not anymore they can't. we've even had some friends who had legitimate motorex cars taken away.
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Old 02-24-2011, 12:56 AM   #9
mike-tracy
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Originally Posted by AQ Motorsports View Post
not anymore they can't. we've even had some friends who had legitimate motorex cars taken away.
The R33 is still on the list of cars that can be imported:

http://www.nhtsa.gov/cars/rules/import/

Here's that list:
http://www.nhtsa.gov/cars/rules/import/elig092210.pdf

So what gives?
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Old 02-24-2011, 01:03 AM   #10
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PM'd you, OP
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Old 02-24-2011, 04:39 AM   #11
Cervantes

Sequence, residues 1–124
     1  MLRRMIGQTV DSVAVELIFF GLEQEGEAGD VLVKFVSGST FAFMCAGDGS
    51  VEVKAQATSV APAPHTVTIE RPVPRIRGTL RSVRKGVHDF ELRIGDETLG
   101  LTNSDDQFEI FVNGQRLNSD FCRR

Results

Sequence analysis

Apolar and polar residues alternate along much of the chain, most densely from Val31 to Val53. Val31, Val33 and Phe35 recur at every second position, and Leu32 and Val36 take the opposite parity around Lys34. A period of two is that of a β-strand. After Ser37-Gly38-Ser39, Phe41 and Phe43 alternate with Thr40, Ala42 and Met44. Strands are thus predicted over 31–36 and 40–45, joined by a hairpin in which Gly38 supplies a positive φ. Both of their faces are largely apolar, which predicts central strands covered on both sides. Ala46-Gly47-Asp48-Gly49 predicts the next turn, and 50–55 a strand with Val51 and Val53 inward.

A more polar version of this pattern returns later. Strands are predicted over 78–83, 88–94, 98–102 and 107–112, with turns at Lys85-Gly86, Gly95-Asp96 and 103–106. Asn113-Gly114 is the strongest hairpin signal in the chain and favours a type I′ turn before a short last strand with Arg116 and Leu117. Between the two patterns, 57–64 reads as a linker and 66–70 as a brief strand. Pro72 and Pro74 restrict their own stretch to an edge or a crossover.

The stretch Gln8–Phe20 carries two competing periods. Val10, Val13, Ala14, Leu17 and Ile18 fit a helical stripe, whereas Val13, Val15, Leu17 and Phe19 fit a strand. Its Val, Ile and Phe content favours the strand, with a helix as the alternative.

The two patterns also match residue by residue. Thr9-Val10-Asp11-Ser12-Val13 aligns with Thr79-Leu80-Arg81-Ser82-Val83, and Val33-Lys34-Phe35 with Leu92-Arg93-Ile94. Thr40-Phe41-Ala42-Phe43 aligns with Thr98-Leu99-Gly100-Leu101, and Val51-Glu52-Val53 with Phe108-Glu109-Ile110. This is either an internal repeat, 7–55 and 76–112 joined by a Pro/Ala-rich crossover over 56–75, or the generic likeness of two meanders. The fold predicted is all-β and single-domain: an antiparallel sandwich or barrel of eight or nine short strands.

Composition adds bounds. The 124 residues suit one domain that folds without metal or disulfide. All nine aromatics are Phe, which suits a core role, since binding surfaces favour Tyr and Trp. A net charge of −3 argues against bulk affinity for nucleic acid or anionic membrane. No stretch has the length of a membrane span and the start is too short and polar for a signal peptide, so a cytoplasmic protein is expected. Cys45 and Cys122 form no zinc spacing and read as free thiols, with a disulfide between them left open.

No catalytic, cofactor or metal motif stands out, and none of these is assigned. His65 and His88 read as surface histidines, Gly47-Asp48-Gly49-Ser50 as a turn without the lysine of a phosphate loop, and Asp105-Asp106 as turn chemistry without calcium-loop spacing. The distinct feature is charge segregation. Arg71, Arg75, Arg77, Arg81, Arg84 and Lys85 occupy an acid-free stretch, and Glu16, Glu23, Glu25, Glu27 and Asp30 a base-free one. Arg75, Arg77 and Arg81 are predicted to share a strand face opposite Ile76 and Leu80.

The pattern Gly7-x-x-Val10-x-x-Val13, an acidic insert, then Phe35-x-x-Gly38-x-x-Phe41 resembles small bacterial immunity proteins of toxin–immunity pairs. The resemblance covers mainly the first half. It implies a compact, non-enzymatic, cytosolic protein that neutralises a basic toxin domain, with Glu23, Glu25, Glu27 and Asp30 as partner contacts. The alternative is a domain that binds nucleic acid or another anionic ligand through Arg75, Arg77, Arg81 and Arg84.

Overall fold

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i also have a blitzen i would love to take back to the US
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Old 02-28-2011, 11:00 PM   #12
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Remove the suspension, brakes, drivetrain and engine. Put that into a crate. Ship the chassis over here. Ship the other parts over in another box.

Now keep your receipts and register it as a kit car. Which is perfectly legal if you do your homework. This is how others I know have gotten cars from other cars in the country and legal registered them.


Call your state DOT and see what they say or ask about loop holes. You just have to know the laws and what you can make stuff look like on paper and what you need to make it look like. You dont have to be dishonest but you also dont need to tell more than is asked of you in the paper work.